Chin Yol Yi still speaks in the present tense about a job he lost almost two weeks ago. He wears a bright white cap — so clean it‘s got to be laundered — emblazoned with the name of Super Assi market, which is his enemy, the source of his sadness and the location of his fight. Speaking through a translator, the middle-aged Yi, with the requisite pack of Marlboro’s in his pocket, tells me that he wears the cap because he wants to “send a message” about the struggle of co-workers whom, most likely, he will never work with again.
On Sunday, April 21, Yi was fired from his job as a sashimi cutter at Koreatown‘s largest grocery, but it would be a mistake to think that the nubbin of extra fish he sneaked to a regular customer — traditional practice in Korean markets — is what got him the boot. Yi is one of the most visible activists in the first large-scale unionizing effort in Koreatown, a figurehead in an emergent coalition of Latino and Korean workers that is a flash-forward look at what L.A.’s multiethnic, social-justice movements will look like in the coming decades. Which is to say polylingual, impressively broad and as fragmented as it is formidable.
Consistently denied 10-minute breaks, wage increases and promotions, the mixed LatinoKorean workforce at Assi decided to call a union vote with the help of the Korean Immigrant Workers Advocates (KIWA), a scrappy, nonprofit legal advisory one block over from Assi. The 10-year-old KIWA is new to unionizing; its biggest success thus far has been a restaurant-workers association that provides wage-dispute information and micro-loans to more than 200 members. Koreatown itself is almost entirely unorganized, with small groceries too small to tackle, and big, ethnic groceries ignored by the granddaddy AFL-CIO. So the Assi workers opted to jump-start their own, the IWU — the Immigrant Workers Union.
As one of the leaders, Yi had his face printed on leaflets and wrote letters to employees in support of the union. These were bold moves, considering the Korean community is much smaller and more insular than the Latino community, says Paul Lee of KIWA, “and people can get blacklisted.” Nearly all of Assi‘s 150 employees voted in the March 9 election, which ended in a tie. KIWA has disputed the outcome, alleging that management cast some votes and that the company pressured employees. While the National Labor Relations Board reviews the case, the IWU has opted for more direct action.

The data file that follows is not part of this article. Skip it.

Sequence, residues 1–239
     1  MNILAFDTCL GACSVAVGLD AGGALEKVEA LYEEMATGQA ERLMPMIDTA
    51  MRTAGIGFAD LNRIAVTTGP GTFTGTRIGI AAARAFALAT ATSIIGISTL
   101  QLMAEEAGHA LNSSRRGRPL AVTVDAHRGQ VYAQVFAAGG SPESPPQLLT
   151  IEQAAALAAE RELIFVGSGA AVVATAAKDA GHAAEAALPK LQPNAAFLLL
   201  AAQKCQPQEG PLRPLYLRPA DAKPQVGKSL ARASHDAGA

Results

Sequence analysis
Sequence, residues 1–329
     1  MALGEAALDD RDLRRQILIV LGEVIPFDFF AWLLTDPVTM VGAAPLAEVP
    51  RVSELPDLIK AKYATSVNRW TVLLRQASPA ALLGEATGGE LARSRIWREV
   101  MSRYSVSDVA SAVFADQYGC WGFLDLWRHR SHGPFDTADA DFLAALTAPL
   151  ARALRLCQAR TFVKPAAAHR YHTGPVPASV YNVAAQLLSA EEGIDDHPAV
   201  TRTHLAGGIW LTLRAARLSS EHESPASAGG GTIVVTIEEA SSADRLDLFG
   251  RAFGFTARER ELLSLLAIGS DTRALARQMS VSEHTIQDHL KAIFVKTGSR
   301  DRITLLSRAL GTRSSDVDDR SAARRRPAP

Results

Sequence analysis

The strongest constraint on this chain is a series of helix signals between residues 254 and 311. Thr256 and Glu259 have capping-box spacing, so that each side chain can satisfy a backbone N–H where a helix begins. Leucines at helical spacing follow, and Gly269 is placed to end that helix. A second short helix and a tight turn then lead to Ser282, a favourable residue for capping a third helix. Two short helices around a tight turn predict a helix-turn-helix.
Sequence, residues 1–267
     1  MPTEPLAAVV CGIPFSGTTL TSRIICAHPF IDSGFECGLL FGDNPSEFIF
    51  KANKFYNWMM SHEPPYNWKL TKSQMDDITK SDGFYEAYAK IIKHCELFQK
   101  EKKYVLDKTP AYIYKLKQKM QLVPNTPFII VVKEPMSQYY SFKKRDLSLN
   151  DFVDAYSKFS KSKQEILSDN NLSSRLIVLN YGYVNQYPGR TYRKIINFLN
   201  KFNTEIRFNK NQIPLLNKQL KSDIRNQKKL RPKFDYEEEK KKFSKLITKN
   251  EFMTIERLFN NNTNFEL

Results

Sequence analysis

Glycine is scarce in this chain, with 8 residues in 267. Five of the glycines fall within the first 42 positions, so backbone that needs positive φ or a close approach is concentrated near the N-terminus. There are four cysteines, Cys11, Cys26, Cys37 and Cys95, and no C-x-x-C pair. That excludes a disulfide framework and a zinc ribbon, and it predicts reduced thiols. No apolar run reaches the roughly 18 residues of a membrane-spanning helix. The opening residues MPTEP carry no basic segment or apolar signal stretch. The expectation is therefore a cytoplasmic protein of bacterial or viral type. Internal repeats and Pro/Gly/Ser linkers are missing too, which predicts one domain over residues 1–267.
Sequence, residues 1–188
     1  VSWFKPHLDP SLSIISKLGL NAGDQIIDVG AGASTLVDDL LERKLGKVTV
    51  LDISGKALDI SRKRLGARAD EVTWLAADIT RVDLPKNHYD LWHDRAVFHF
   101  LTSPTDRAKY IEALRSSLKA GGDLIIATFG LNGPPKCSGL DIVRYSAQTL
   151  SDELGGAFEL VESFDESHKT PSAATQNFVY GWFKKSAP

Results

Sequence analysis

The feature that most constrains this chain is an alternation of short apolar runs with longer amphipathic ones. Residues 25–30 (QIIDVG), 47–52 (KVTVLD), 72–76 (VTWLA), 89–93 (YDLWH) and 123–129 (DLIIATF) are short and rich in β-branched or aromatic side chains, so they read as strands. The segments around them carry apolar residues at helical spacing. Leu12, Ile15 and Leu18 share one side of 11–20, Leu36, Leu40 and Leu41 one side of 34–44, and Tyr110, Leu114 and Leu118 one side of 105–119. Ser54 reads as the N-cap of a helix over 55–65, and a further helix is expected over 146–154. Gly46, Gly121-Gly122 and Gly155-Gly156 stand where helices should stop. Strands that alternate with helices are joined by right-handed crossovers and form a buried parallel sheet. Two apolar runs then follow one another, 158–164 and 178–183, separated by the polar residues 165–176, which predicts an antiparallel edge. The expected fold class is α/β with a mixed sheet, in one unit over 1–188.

Last Thursday, at a protest on the sidewalk outside the market, a Korean rep from KIWA read remarks in fluent Spanish.
Talk about the face of change. All the comments in English were translated twice, first into Korean and then Spanish. The ambitious translations were largely symbolic, since the only Assi workers who showed in force — to hold a banner (“If you want peace, work for justice”) and march on the manager’s office — were Latino. Kevin Kim, an attorney for the market, told reporters, “The company has complied with all labor laws.” Clustered around him, the protesters chanted: “Que queremos? Justicia!” Hard to know if any of the cluelessly smiling Korean shoppers knew what the shout was for. But they knew enough to use the IWU leaflets to shield their faces from the camera‘s eye.
The fact is, Latinos and Koreans at Assi aren’t the same kind of worker. The Latinos are predominantly male, with families back in Mexico or Central America, and have far more flexibility about where they work. The language-barrier between them and management makes it easier for them to organize, while the Koreans “find it hard to talk amongst themselves,” says KIWA‘s Lee. Practically speaking, Korean-only speakers like Yi can’t even find work outside Koreatown. With families and social networks knotted up in the neighborhood, there‘s a distinct “fear of getting terminated,” says Yi.
The Korean managers have been quick to exploit these differences. They’ve shaved the Latinos weekly work hours down to six a day, “which is nothing,” says one Assi kitchen worker who gave her name as Betty, and redistributed them to Korean employees. Betty has worked at Assi for two years, never been promoted, and still makes the $6.75 starting wage.
Meanwhile, Korean merchants receive the small benefits of ethnic allegiance. Salvador Acoña, who was fired in February for skipping work to visit a health clinic, worked 12- to 13-hour days at Assi for a year and never had a break. “Koreans might come out to have a cigarette, and the managers would say nothing,” he says. “No Latino could do that. They‘d insult you.”
Yi insists, however, that no one is getting treated well. “We get yelled at like we’re criminals,” says Yi, who adds that he never had a break in two years: “We want to work with dignity, without so much pressure.” Again, there‘s that present tense. It’s as if he never stopped working. But when I ask him what he plans next, he says, “I was thinking of going to Costco and Price Club. Maybe I‘ll see if they want to start up something with sashimi.”